Timber Houses – The Good, The Bad and The Bloody Expensive
Brisbane is a renovator’s paradise with bungalows, federation, pre-war, post-war timber houses and not to forget, the grand Queenslander. With their generously sized sleep-outs and verandahs, fretwork and high ceilings, they are a quintessential part of Brisbane’s landscape. But as lovely as they might look and as much as you’d love to own a piece of history, be prepared for quite a few defects on the inspection report which might have you questioning if timber or brick is best.
A remnant of Brisbane’s pre-war, Queenslanders that are predominantly made of timber can have challenges lurking everywhere, challenges only obvious to the trained eye. Queenslanders with timber stumps are prone to subsidence, causing all sorts of issues like unlevelled flooring, doors and windows that don’t close and cracks in walls. Even though the stumps may have ant caps, they can still be prone to termite infestation and borers, posing an increased risk to the house support as well as other timber parts of the home.
Unfortunately, it’s common for moisture areas to cause wood rot in Queenslanders and where there is an original roof, leaks are very common. Some Queenslanders’ age means the possibility of rusted gutters and downpipes, old copper plumbing and old electrical wiring. If old wiring isn’t identified and upgraded, a Queenslander is a huge fire risk.
Queenslanders are also not free of asbestos either. Asbestos was used up until the mid 1980’s and could be hiding anywhere; only an experienced building inspector can tell you where.
The post-war home
Brisbane’s post-war homes are the trickiest of heritage homes for building inspectors because of the way they were built. After the war, there was a shortage of skilled labour and building materials and so the homes are more basic and not particularly well built. Built on a concrete slab or brick base, it was often the owners who built the post-war home themselves and the materials used depended on what an owner could afford at the time. For this reason, a thorough and professional inspection of the slab is essential. It’s also common to see corners that have been cut with framing and bracing; roof pitches are often not to standard either and require a thorough inspection.
Dubbed the post-war austerity style, the homes are small and pokey and tend to have inadequate lighting. Where some may not find this too much of a problem, it does introduce potential damp issues due to lack of sunlight.
Asbestos is hidden well in post-war homes. Common in bathrooms, walls and ceilings, they used to use fibro sheeting on ceilings and cover it with decorative casts. Lead-based paint was also used on post-war homes and lead was used to solder pipes.
Whether a Queenslander, pre-war or federation style home, stump homes have their challenges when it comes to inspection. Whether concrete, timber or steel, house stumps sink and the challenge with this is determining why.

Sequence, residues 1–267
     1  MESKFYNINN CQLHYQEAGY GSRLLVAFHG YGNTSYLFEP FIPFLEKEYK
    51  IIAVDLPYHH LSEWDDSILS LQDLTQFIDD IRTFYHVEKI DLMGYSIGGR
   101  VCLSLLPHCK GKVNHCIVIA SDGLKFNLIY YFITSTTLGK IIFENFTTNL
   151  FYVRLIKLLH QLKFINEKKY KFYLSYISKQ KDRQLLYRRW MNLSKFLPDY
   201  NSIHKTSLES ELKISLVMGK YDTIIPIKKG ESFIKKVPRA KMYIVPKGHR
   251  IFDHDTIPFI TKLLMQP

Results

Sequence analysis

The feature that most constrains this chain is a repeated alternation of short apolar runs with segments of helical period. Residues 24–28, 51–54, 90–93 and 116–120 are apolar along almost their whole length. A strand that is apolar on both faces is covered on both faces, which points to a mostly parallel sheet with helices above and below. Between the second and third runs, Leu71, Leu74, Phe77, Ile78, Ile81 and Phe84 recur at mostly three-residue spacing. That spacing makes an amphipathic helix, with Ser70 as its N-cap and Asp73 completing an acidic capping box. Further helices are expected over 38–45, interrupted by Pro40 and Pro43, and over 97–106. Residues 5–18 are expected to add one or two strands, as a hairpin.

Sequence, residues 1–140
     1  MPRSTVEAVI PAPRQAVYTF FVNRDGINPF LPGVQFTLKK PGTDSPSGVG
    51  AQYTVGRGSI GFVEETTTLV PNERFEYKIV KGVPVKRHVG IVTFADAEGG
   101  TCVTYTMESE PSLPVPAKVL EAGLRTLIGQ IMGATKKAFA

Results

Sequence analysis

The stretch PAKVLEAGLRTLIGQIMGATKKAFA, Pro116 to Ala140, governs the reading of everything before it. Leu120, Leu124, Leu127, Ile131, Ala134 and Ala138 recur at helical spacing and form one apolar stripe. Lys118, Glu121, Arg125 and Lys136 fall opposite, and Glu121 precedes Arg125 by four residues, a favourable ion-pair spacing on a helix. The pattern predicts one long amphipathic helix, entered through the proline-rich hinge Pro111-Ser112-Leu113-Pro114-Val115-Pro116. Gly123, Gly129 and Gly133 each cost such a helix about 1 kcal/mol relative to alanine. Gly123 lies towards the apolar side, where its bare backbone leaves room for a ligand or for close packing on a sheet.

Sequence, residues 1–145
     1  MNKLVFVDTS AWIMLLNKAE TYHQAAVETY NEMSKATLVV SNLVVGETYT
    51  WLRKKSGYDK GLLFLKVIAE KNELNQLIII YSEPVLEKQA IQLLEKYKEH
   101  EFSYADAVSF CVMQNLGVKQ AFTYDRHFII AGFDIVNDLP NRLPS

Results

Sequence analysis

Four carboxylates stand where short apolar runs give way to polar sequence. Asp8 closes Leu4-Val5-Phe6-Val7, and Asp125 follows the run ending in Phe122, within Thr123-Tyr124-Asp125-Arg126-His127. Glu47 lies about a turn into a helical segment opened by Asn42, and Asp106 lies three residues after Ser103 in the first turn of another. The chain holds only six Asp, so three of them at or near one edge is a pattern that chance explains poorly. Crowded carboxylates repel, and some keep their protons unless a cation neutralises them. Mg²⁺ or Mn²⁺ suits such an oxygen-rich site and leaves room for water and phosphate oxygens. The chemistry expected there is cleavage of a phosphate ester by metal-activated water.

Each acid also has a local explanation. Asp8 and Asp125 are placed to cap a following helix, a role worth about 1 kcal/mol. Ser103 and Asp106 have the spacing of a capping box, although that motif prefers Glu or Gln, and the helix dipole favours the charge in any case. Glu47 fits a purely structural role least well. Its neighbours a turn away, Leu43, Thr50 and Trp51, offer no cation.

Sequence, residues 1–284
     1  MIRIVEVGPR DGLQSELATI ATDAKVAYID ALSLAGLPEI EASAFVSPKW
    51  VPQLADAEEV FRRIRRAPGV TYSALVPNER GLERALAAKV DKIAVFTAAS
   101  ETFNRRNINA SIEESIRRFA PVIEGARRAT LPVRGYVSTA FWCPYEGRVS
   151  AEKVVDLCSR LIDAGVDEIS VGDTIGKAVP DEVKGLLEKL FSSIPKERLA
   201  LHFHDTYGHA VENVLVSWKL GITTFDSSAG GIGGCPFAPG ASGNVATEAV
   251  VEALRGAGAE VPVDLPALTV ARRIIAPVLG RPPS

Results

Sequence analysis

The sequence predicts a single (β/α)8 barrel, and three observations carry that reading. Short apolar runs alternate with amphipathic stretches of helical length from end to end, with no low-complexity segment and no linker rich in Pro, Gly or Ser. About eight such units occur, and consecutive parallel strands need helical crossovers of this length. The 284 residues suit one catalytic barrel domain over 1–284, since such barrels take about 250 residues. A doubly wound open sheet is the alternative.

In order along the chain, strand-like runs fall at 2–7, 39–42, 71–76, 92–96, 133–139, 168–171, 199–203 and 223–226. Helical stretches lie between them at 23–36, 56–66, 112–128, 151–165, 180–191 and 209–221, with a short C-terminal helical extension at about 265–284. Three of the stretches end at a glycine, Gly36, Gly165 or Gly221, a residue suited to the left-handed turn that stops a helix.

Subsidence could be due to reactive foundation soil types, it could be connected to the rest of the foundations or the underneath of the home could be subject to poor drainage. Timber stumps are also more susceptible to termites and borers as well as dry rot. This can also affect the balance and support of the house.
If a home has cement stumps, the challenge will be to see whether or not the steel reinforcing rods inside are in good condition. If they are still old cement stumps which used to be made with crushed concrete, there may be a recommendation that these are replaced. There are dodgy sellers out there so get a professional to check the stumps to make sure nothing has been wedged between the stump and the sub-floor.
Low-set timber homes
Unlike a Queenslander or similar timber home on stumps, low-set homes can be more difficult to inspect because most of the workings like plumbing, wiring and footings are hidden; there is no way to walk underneath the home. A low-set house inspection purely relies on the inspector’s expertise in knowing exactly which tell-tale signs to look for. Where more modern low-set homes have been built to code, older style low set homes are at risk of having substandard foundations. Given Brisbane’s history of flooding and wet weather, high water levels could have also damaged the foundation and penetrated the timber camphor or weatherboards.
You’ve found your dream multi-storey heritage listed stunner but beware, character and heritage homes with two or more storeys can often have something to hide. Traditional Queenslanders or workers’ cottages were originally built as one level, on stumps. It has been during modern times that owners have raised the properties to add levels underneath. The problem with this is that when these properties have had a level added underneath, they may not have raised the property enough, meaning the ground level is not of legal height. The space can be used but if you were to sell the property in the future, you cannot advertise the space as a livable area.
Other issues faced when inspecting homes where a ground level has been added include slabs that are not adequate, poorly installed walls and ceilings and water penetration due to poor drainage around the lower level of the house. The structural integrity of the raised building is also something carefully considered. Only a professional building inspector can adequately identify these issues and determine if the raising of the house has been done to code.
You’ll see old timber houses everywhere in Brisbane but whether they’re worthy of investment or not comes down to their condition and identifying the defects that normally lurk in these types of homes. When it comes to timber houses, Brisbane boasts the good and the bad. Let Action Property Inspections help you avoid the bloody expensive.